The other half for silent processing use | Letters

I read with interest your post about the silent treatment as a response to conflict and thought it might be worth offering an alternative view that sometimes this is the only option (The Silent Treatment: One woman was ostracized by her husband for 40 years, December 12) . I’m not sure that framing all people who stop talking to blood relatives as shut-ins is necessarily right or helpful.

I haven’t spoken to my biological brother for the past 15 years. The basis for this was his psychological and physical abuse that not only overshadowed my childhood, but continued into adulthood, long after he should have known better. It took me years of therapy to realize that I didn’t need to include this person in my life and I made the decision to cut ties. Although our mother asked me to reconcile, I have made it clear that reconciliation can only happen after she apologizes and acknowledges her end of threats, physical abuse, and making me a figurative and literal punching bag, even for our 20s. Until then, there can be no basis for a meaningful adult relationship.

He refuses to acknowledge what happened, as does my mother. Excuses are made, memories are twisted and questioned. When I challenged my mother to cry Why do you treat your brother worse than you treat a stranger on the street? At last I ventured to answer: that a stranger in the street would not hit me or call me hideous; that if my husband had done what my brother did, shed told me to call the police; that it is shameful for him to ask his daughter to be tolerant under such circumstances.

Refusal to participate is my last line of defense. I’m not ashamed of it.
Name and address supplied

Throughout my life, I have often been on the receiving end of the silent treatment from my mother, who in turn has taught my siblings that this is an acceptable way to handle relationships. It may be, as your article suggests, that this behavior is not unique to any particular personality type, but in my experience it has been covert narcissism that has been the driving force.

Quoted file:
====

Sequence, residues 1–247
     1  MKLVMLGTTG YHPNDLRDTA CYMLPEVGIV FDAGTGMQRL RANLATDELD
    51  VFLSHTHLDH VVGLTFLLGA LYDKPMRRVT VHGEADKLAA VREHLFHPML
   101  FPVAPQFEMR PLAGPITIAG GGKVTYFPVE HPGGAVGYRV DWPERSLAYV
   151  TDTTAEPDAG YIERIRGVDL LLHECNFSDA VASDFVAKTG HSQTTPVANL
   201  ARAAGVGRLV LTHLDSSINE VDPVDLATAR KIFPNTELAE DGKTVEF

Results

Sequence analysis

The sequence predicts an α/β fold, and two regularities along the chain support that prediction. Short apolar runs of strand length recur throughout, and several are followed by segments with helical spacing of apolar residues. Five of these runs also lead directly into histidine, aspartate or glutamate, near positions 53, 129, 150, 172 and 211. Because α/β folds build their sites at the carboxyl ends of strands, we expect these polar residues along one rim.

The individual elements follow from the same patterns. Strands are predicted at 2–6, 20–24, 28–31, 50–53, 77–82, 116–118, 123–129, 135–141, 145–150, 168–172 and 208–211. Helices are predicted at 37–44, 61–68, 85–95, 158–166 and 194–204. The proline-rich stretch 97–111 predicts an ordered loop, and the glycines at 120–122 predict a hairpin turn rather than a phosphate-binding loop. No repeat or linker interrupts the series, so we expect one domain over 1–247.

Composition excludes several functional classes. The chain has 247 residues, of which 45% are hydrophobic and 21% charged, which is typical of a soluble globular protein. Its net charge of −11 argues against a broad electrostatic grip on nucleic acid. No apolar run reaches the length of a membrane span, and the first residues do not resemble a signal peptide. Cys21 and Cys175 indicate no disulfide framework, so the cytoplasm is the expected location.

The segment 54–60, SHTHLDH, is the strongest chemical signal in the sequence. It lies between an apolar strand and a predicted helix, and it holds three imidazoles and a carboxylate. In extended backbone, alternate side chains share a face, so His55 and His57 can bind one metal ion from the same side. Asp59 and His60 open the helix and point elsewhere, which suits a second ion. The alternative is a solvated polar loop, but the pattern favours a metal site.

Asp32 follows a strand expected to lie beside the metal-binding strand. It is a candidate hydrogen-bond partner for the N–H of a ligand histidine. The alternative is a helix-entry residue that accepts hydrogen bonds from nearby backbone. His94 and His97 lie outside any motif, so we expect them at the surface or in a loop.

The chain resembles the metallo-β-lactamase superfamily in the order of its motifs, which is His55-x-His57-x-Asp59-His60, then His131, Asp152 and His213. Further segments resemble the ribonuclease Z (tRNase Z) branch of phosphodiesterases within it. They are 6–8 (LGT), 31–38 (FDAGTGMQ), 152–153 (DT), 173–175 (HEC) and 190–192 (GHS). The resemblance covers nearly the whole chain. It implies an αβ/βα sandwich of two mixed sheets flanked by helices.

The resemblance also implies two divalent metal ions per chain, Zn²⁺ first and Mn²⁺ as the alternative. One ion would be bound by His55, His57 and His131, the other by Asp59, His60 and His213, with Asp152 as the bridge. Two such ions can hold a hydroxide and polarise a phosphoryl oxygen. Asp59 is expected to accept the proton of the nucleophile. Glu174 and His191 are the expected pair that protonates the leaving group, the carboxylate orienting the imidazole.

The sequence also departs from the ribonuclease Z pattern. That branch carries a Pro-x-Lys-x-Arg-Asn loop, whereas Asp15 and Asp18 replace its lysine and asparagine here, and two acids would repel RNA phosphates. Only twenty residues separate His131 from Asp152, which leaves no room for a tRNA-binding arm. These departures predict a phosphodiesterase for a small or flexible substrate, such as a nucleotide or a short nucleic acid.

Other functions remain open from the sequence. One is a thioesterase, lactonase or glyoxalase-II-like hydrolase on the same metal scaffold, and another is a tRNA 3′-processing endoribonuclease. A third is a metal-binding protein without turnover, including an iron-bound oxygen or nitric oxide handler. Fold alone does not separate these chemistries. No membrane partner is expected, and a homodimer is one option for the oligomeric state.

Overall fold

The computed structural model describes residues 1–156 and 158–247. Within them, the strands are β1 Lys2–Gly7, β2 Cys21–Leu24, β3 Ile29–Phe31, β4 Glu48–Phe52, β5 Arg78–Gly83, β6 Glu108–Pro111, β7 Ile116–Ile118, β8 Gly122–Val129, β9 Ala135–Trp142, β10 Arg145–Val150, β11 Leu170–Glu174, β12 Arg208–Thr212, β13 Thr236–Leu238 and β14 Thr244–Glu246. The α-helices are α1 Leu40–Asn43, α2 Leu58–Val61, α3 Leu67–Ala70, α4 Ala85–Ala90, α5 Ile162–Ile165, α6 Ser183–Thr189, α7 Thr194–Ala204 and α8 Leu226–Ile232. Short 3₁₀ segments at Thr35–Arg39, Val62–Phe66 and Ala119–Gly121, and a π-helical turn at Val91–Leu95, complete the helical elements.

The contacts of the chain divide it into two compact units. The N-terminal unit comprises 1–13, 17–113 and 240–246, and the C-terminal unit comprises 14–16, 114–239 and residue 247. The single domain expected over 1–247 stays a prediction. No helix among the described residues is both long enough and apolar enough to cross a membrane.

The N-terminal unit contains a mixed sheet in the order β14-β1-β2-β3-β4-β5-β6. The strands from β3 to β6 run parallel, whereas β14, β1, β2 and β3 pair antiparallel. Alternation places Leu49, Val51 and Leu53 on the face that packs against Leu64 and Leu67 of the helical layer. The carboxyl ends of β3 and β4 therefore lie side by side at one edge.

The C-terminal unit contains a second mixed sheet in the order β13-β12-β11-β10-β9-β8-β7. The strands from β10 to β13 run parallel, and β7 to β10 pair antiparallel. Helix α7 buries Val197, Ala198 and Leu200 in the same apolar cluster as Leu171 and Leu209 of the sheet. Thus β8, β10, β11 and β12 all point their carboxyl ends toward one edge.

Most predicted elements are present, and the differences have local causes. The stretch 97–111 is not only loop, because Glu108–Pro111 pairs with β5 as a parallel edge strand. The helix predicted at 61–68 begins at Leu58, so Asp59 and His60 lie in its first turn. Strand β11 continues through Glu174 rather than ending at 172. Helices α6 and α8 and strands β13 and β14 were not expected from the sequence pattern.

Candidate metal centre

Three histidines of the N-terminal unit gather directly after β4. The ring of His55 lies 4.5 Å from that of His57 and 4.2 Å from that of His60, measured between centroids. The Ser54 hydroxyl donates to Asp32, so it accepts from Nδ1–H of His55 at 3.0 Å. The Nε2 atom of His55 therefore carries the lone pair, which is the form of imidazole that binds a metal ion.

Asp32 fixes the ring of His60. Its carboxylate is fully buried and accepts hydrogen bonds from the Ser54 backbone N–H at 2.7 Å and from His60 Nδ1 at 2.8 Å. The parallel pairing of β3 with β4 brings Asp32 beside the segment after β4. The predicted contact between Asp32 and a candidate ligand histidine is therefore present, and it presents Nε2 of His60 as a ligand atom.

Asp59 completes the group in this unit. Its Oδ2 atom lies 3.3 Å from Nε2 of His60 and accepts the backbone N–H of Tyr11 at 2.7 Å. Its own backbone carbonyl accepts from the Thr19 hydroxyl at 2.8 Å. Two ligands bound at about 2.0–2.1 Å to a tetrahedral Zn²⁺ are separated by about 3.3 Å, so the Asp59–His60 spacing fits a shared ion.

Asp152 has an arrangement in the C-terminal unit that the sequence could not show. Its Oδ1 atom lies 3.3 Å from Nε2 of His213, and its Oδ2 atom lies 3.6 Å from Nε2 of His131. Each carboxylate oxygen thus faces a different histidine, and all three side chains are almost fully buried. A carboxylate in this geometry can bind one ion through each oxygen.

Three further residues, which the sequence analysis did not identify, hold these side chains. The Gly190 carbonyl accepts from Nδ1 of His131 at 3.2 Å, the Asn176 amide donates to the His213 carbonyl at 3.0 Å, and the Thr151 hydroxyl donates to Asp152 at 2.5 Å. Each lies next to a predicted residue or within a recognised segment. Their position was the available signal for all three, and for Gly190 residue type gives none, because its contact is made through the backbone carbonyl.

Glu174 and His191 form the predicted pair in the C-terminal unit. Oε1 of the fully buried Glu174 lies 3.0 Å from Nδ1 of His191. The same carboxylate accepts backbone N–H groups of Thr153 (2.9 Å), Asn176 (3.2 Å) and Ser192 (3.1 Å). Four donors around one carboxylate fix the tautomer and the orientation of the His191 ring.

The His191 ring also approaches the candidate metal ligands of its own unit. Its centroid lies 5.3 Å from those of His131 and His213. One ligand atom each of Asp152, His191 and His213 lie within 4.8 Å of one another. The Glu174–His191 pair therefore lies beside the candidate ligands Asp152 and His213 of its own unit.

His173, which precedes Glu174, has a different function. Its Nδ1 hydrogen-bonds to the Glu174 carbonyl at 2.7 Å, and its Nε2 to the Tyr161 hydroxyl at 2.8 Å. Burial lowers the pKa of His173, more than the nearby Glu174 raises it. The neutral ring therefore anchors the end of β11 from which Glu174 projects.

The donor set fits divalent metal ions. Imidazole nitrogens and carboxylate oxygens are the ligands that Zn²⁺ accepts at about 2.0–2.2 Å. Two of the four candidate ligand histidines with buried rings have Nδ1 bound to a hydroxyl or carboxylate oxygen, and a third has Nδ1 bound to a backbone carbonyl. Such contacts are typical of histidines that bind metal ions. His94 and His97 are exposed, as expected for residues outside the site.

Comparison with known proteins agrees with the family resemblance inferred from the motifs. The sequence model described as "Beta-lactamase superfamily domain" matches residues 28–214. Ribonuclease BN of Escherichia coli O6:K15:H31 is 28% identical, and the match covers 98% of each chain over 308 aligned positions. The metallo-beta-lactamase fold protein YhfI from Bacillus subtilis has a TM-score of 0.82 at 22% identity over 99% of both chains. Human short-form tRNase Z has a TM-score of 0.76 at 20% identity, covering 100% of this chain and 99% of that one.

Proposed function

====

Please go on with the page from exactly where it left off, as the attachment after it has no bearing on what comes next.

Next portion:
Anything that has been seen as drawing attention to myself and which in any functioning family might have been a source of celebration (showing independence, going to university, having a successful career, getting pregnant, playing a role in the local community) has been punished with extended periods of the silent treatment. My mother has covered for me several times in public, and, contrary to your somewhat sympathetic description of this behavior of criminals treating unpleasant feelings, she seems to revel in the unimaginable shame and self-reproach she has inflicted on me. feel and with which he has guided our relationship.

A lifetime of this treatment, and the very real possibility of being crushed by its physical and mental effects, has ironically caused me to be unable to contact my mother despite the fact that we live on the same street. Unlike him, I do not rejoice in this, but he has taught me well.
Name and address supplied

Eighteen years ago, my marriage broke up. My husband and I had three children together. He wanted a shared parenting arrangement. The problem was he wasn’t talking to me. Anyway.

All communication went through lawyers and the courts, who pointed out that making a shared parenting arrangement work requires a tremendous amount of cooperation and communication. Once the divorce was finalized, all communication ceased.

The article talks about the psychological damage that the silent treatment can cause; However, I found that the consequences were more damaging to our children. The arrangement changes were transferred to me through the children or not at all, that is, the children were sometimes standing outside the home when I returned from work, when my ex-husband had to be somewhere else. Sports equipment, uniforms, jackets were in the wrong house at the wrong time, making life very, very difficult every day.

For the last 18 years I have felt like a woman with children alone. My husband’s family also participated in the silent treatment. It was never my intention to raise my children alone, as if the father didn’t exist, but that’s what happened. I haven’t spoken to the father of my children in 18 years. No discussions about school, curfews, driving lessons, or whether they’re allowed to go to parties. When problems arose, I was alone. Even worse, it meant that the children were not consistent about discipline or family rules.

I agree with the article that one reason for the silent treatment may be learned behavior. My husband’s family used the silent treatment whenever relationship problems arose. His grandparents didn’t talk to each other, his sister didn’t talk to her mother. My kids have been asking this for years: why doesn’t daddy talk to you? Why doesn’t Auntie talk to Nana? It is very difficult to explain the reason for the behavior of others. All I can say to them is that keeping the lines of communication open is essential for everyone. And they learned it first hand. Now in their 20s, they still talk about the hardships they experienced.
Name and address supplied

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